We believe that this will really help to move the PMO aspect of the project management industry forward. Currently we are expecting a publishing date to be announced around February so we can let all our members know to go and have a look!
We will keep you informed of progress.
LinkedIn hot topics
Some of our favourites from LinkedIn
The PMO SIG LinkedIn group recently had a flurry of activity – some controversial, some not! Here are some of the conversations we felt would be valuable if you could give your opinions/experiences.
Tailoring governance lifecycle to your organisation
Lauren Schogger, Programme Manager at Affinity Water
Interested in how to tailor some the governance lifecycle to work within your organisation? Lauren has asked the group for information and guidelines on how this has been done before.
How to Best Select your Top Ten Projects
Andrew Davis, IS PMO Manager at Severn Trent Water
Prioritisation of project is always an interesting topic because everyone does it differently. Why not let the group know how you decide what projects to start first?
Is it possible to deliver projects without a project manager?
David Rodgers, Senior PMO Professional
Manufacturing can transform raw materials into detailed and complex machines without a project manager, but instead, with defined and consistently monitored processes.
Balanced Scorecards for the PMO and Prioritisation
John Officer, Project Support Officer at Northern Ireland Water
Are there any measures that you use in your Balanced Scorecard for the prioritisation/selection of projects? What about any other pressure points?
Project Prioritization: What's in it for me?
Stuart Easton, CEO at TransparentChoice
Some PMOs don't see prioritization as part of their responsibility. Perhaps that's why more than 50% of projects out there are not aligned with strategy. But, getting the prioritization process right can do good things for the PMO themselves...and the business case for the organization is extremely compelling.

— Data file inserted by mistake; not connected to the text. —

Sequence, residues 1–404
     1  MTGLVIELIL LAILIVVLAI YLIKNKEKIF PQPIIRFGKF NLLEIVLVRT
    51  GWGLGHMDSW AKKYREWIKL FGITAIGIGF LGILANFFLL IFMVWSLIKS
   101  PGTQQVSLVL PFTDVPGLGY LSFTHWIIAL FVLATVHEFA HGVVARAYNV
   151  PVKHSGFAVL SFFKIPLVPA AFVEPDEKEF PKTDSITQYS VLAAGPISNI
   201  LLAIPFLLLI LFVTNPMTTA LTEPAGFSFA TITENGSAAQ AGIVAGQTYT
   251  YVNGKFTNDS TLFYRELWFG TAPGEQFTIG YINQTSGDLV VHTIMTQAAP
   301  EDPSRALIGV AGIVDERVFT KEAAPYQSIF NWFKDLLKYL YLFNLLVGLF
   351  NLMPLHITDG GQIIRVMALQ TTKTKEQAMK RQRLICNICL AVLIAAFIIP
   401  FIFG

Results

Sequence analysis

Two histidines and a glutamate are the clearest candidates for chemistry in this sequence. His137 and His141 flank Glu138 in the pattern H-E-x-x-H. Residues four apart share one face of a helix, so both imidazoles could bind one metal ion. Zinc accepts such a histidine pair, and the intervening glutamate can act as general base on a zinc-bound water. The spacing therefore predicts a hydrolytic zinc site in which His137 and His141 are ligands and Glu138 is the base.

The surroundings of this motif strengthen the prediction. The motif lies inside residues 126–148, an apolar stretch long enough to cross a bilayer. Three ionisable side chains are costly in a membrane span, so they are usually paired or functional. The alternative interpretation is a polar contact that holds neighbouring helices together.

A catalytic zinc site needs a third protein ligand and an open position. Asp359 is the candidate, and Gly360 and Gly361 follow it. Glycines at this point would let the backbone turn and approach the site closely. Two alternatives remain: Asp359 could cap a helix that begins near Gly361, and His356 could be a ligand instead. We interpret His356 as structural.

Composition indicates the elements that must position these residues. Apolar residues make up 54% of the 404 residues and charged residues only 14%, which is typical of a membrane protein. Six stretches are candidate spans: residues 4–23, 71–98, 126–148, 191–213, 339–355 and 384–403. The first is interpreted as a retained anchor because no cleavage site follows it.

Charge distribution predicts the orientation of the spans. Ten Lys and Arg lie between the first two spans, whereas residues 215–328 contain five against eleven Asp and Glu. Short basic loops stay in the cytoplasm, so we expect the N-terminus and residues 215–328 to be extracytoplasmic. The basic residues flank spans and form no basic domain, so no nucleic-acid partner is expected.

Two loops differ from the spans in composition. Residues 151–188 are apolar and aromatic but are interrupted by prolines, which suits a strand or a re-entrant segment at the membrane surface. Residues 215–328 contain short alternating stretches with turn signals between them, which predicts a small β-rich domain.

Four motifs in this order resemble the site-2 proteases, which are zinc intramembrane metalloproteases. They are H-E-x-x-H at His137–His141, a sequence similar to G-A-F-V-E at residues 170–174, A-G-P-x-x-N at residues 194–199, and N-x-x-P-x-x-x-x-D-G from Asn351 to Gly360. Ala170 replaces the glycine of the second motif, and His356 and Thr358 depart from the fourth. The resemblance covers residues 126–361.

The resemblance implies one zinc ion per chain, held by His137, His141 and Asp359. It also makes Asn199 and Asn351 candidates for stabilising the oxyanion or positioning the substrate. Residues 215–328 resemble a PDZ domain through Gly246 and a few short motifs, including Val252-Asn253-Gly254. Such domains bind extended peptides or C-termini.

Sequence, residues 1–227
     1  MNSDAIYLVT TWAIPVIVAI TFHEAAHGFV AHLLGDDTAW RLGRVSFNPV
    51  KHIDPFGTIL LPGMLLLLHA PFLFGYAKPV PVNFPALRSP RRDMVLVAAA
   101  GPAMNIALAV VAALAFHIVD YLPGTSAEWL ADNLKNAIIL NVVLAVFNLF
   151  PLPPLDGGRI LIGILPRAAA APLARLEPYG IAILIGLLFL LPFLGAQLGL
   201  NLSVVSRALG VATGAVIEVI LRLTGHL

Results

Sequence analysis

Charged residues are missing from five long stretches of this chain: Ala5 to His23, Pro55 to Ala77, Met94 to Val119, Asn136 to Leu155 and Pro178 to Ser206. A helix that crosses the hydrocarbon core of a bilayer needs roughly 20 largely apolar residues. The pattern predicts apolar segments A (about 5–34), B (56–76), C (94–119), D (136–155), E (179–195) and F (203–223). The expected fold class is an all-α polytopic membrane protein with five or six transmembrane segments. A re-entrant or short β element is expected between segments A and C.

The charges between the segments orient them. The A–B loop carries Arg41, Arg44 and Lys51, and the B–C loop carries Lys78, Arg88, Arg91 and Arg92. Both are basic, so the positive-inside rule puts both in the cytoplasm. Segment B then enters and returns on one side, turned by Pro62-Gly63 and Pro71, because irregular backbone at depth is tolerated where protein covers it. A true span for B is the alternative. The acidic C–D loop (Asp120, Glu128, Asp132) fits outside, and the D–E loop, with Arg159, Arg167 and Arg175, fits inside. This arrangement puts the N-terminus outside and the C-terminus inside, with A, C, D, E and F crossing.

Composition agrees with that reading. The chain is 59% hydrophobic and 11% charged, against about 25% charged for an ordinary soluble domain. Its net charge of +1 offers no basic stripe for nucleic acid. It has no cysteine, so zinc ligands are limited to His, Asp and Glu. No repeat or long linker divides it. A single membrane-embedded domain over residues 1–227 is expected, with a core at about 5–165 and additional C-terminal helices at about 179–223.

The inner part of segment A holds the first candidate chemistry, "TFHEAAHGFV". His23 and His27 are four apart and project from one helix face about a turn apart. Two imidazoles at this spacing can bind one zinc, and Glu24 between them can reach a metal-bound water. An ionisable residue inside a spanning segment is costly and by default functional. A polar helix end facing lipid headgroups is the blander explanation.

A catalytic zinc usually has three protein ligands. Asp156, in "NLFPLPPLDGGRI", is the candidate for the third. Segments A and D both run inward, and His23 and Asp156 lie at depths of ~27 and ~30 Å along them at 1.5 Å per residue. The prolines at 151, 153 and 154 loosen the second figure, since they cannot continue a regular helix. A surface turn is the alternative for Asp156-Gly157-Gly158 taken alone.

Heard about the PMO Manifesto? The PMO Manifesto was launched in 2014 and since then has been signed by over 120 practitioners.
You can get involved, find out more and sign it here
PMO SIG volunteers
Are you interested in getting involved with the PMO Specific Interest Group?
Becoming a volunteer is very rewarding! With access to like-minded individuals, PMO SIG (and other) events and opportunities to drive the PMO industry forward, it can help to increase your knowledge and expertise and will do no harm to your personal career path!
You will need to commit some of your spare time when you volunteer to be a committee member, but there are plenty of things to get involved with of all shapes and sizes; from contributing to the newsletter to helping to develop best practice and organising events.
Becoming a committee member – Martin Straughan
Ever wondered what it is like being a committee member, but were scared to find out more? Martin Straughan, one of our new members gives an insight into why he joined.